The experiment will be set up at the E5 channel. A sketch of the set-up is given in Figure 5. The different parts of the experimental set-up and their role in the experiment will be described below.
|Figure 5: Set-up of the experiment at the channel at PSI. A very similar set-up will also be used outside the pion area for the tuning of the spectrometer with X-rays from an ECR-source.|
A proton beam current of 1.5 mA and the full thickness of target E are required and are taken as basis of our rate estimates. The high beam current can also be fully exploited as the experiment is not rate limited. The beam momentum is 110 MeV/c . The cyclotron trap will be tuned to a momentum of accepted particles of about 82 MeV/c. The particles will be stopped in a thin walled (Kapton) cylindrical gas target (diameter 60 , length 200 ) with the cylinder axis coinciding with the axis of the magnetic field. The particle density of the target gas corresponds to a pressure range from 1 bar to 40 bar at room temperature. The required particle densities can be reached by cooling the target. In order to optimize the stops in the target gas as compared to the ones in the walls the thickness of the cylinder wall is restricted to a thickness of 50 m of Kapton. The X-ray window at the front plane of the target cylinder will be made out of 5 Mylar supported by a stainless steel grid.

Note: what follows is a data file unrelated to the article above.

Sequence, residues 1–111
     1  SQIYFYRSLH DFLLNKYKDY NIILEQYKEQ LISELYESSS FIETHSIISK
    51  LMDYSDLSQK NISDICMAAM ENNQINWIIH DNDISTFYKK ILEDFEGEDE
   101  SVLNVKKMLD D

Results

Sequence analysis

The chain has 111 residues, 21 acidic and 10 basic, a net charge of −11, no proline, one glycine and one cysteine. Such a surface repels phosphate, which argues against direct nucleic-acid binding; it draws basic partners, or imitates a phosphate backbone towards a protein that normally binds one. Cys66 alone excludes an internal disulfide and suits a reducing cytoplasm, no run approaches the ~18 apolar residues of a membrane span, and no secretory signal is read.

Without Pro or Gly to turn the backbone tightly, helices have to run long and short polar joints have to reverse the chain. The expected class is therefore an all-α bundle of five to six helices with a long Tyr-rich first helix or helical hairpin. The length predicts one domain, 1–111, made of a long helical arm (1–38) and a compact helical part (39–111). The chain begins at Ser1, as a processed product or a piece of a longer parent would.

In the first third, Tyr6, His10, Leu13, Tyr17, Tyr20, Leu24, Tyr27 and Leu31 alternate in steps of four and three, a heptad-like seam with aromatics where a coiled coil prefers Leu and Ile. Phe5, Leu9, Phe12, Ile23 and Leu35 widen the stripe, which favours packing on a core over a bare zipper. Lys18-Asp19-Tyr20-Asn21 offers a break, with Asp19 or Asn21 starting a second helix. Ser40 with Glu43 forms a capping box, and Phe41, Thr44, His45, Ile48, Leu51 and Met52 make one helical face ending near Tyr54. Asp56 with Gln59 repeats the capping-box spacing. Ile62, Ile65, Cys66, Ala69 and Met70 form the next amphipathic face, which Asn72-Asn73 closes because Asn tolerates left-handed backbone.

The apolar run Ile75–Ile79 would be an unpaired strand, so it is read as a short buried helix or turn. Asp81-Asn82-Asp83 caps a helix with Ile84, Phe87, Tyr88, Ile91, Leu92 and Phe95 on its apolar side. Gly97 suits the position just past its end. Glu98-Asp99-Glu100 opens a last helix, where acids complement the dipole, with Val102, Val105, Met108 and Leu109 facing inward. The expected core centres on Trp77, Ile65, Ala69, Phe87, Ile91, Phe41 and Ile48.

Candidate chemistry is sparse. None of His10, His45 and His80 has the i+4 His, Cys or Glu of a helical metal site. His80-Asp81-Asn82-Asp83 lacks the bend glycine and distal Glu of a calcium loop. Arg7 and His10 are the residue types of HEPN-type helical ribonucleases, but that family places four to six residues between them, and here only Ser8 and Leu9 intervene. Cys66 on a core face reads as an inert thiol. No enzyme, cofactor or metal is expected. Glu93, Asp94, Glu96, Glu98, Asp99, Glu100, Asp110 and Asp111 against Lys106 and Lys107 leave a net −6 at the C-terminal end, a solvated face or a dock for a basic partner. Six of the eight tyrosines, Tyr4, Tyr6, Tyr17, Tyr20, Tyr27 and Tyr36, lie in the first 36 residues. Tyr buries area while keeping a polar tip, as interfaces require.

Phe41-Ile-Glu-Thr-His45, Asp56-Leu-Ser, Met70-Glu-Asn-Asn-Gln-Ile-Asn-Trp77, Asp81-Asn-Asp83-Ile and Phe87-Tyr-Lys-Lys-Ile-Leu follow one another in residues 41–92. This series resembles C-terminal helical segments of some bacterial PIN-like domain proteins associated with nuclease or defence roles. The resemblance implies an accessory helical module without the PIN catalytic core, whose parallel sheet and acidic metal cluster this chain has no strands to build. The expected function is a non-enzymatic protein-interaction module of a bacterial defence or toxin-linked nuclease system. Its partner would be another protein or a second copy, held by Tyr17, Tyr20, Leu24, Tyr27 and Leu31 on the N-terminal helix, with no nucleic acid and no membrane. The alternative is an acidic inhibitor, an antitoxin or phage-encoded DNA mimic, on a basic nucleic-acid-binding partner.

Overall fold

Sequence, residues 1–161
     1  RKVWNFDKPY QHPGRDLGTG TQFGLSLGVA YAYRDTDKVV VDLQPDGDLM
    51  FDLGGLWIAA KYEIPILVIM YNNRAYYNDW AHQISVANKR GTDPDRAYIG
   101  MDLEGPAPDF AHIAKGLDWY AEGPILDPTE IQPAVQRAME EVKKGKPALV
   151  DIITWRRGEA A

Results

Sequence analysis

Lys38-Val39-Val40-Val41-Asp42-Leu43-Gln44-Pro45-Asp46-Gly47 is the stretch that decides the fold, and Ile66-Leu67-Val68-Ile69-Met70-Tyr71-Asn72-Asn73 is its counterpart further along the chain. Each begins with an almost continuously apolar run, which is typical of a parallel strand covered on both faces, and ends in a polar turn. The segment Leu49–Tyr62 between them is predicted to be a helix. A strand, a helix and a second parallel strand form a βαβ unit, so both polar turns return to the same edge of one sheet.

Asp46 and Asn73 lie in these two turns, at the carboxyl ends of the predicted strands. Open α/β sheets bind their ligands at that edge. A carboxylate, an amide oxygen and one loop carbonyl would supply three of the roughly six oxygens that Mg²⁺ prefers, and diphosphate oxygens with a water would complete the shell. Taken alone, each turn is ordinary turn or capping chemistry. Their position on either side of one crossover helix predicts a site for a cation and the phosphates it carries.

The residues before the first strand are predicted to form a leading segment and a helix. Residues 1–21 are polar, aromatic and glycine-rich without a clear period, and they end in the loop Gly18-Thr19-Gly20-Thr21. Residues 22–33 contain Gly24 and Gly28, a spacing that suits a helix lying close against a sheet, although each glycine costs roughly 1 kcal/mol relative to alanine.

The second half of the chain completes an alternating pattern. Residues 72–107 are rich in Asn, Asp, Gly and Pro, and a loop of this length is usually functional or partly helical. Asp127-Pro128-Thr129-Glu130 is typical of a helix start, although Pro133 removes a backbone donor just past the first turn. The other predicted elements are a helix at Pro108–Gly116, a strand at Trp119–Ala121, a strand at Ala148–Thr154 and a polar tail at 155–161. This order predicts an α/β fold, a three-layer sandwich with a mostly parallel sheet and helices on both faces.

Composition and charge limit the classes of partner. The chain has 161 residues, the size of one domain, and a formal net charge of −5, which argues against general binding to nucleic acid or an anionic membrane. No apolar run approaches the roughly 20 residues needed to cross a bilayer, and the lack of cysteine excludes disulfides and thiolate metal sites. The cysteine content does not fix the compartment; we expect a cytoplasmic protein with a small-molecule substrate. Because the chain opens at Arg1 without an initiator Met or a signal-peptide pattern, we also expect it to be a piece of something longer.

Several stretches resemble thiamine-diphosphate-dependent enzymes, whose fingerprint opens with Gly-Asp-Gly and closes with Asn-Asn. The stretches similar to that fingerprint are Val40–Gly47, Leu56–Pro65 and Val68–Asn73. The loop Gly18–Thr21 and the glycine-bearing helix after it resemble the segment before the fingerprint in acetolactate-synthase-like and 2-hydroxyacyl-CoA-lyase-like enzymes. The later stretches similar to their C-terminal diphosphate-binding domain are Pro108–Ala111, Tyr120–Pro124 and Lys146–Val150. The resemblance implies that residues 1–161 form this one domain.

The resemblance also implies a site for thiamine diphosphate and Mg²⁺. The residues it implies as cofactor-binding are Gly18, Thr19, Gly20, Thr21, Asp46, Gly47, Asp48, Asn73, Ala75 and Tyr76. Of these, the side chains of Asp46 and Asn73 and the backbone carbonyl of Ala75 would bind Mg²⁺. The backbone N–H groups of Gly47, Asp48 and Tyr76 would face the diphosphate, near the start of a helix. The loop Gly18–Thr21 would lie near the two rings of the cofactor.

The magnetic field configuration and the deceleration scheme of the cyclotron trap has been optimized with tracking calculations. These calculations predicted a rate of about pion stops for hydrogen at a pressure of 1 . In preparation of the present proposal a stop rate for pions has been determined in deuterium gas at a pressure of measuring the pionic transition (see chapter 3.3 and Figure 6). It can be safely assumed that the pion stop rate is proportional to the particle density in the pressure region considered and that there is no difference in stopping power between the two hydrogen iosotopes. The measured number of about stopped pions agrees well with the value given above if one scales the pressures.
Muons will be produced by decays of pions orbiting inside the cyclotron trap. This results in a muon stop rate which is one order of magnitude smaller than the pion stop rate. This reduction is compensated, however, by a higher X-ray yields in the atoms.
It is foreseen to shim the so-called form iron of the cyclotron trap in order to increase the injection efficiency by about a factor of two with a corresponding gain in stopping power.